Call For Papers: Childhood, Youth and Emotions in Modern History
Max Planck Institute for Human Development, November 29 to December 1, 2012
The emotional upbringing and education of children is a topic of acute historical as well as contemporary concern for policy makers and politicians. The main goal of this conference is to draw together new research in the history of childhood and youth, in the history of education and the important interventions from the emerging discipline of the history of the emotions. The conference seeks to build a comparative history of the education of the emotions through an exploration of formal and informal educational contexts of the nineteenth and twentieth centuries.
The intent of the conference is to focus broadly on both formal and informal educational strategies, both inside and outside of the family, and at the level of the State. How far did the State exercise control over the education of the emotions? To what extent did governmental strategies inform, and to what extent were they informed by, political, ideological, cultural, familial and religious understandings of children and their emotional states? What was the role, from the late nineteenth century, of voluntary societies in informing official state policy on childhood? Also at this time, did the increasingly professionalized scientific, psychological, educational fields fundamentally alter ideas and policies related to children and emotions?
Schools, youth associations, religious institutions and family structures all contributed, and sometimes competed, in providing children and youth with the necessary emotional and moral framework in order to shape the next generation of men, women, workers and citizens. How did children and youth navigate this range of emotional contexts, feelings and expressions in different phases of growing up? To what extent were various forms of childhood education informed by questions of emotion? How did changing historical perceptions of childhood interact with changing conceptions of emotions and vice versa? Is there such a thing as a distinct set of emotions in childhood and how does this change over time? In what ways can the history of emotions and the history of childhood and youth be integrated to allow deeper insight in both? What are the methodological challenges here and what sorts of source material can be marshalled?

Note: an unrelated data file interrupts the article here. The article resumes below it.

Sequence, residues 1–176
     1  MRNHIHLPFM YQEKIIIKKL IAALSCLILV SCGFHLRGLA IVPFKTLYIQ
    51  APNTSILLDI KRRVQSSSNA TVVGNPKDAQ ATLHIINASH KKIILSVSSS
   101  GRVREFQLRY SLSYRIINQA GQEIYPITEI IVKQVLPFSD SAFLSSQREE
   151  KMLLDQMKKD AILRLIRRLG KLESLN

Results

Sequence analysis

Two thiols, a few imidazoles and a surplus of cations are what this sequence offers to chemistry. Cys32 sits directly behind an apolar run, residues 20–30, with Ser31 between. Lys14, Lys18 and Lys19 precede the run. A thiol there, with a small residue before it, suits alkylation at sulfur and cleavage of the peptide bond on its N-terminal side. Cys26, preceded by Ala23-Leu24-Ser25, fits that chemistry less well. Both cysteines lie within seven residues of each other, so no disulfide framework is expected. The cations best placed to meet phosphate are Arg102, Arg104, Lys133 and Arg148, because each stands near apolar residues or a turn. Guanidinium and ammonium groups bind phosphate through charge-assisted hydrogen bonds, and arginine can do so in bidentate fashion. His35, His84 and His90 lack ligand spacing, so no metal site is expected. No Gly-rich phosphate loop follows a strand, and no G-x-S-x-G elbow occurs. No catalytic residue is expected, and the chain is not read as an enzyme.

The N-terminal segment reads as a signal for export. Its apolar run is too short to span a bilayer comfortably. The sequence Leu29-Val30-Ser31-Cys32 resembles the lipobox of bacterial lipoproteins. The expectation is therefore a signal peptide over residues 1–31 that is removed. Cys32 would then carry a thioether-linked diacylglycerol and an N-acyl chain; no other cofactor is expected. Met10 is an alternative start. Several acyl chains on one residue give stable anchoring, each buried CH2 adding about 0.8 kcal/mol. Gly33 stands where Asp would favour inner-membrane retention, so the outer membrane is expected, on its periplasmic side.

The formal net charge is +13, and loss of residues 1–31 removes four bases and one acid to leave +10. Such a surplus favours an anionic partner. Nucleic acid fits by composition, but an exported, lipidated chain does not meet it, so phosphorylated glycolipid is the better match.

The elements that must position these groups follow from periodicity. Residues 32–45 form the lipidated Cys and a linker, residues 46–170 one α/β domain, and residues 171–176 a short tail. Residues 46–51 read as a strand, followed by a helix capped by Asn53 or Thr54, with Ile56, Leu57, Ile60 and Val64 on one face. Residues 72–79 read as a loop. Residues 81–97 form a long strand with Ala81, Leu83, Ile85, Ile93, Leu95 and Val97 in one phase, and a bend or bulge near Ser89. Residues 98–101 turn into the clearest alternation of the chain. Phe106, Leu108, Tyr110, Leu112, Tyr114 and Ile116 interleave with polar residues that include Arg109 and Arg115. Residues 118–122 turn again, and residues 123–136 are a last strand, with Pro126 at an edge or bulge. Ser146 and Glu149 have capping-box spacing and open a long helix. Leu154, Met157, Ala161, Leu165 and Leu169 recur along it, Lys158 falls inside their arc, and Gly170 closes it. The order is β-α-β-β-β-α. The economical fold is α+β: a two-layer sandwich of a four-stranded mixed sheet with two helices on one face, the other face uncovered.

Possible topics include the history of emotions and:
• Theory and methodology linked with the history of childhood and youth
• Imperial/colonial and postcolonial childhood and cross-cultural perspectives
• Education in school and outside of institutional settings (professional and lay)
• Professionalization of disciplines related to childhood and youth and child welfare
• Family and community networks
• Popular culture (media, music, literature, movies, television and visual culture)
• Religious and secular norms of behaviour and feeling, and resistance to them
• Material culture (clothes, toys, spaces, advertising)
• Gendered and racialized childhood and youth
• Experiences in infancy, childhood, and adolescence (e.g., intensity or variability of emotional experiences; mixed emotions)
• Expression and control of emotions in infancy, childhood, adolescence
• Particular emotions (e.g. anger, fear, love)
• Moral development and moral education
This three-day international conference will bring together scholars interested in the intersection of childhood, youth, education and the emotions in historical perspectives. Multi-disciplinary perspectives are welcome and encouraged. The conference will be held at the Institute for Human Development, Centre for the History of Emotions, in Berlin and is organized by Stephanie Olsen and Juliane Brauer. Peter N. Stearns, Provost and Professor of History at George Mason University, will give the keynote address.
Travel and accommodation costs will be covered by the Max Planck Institute for Human Development. Interested applicants should send a short CV and a paper abstract (max. 250 words) to firstname.lastname@example.org by April 1, 2012.
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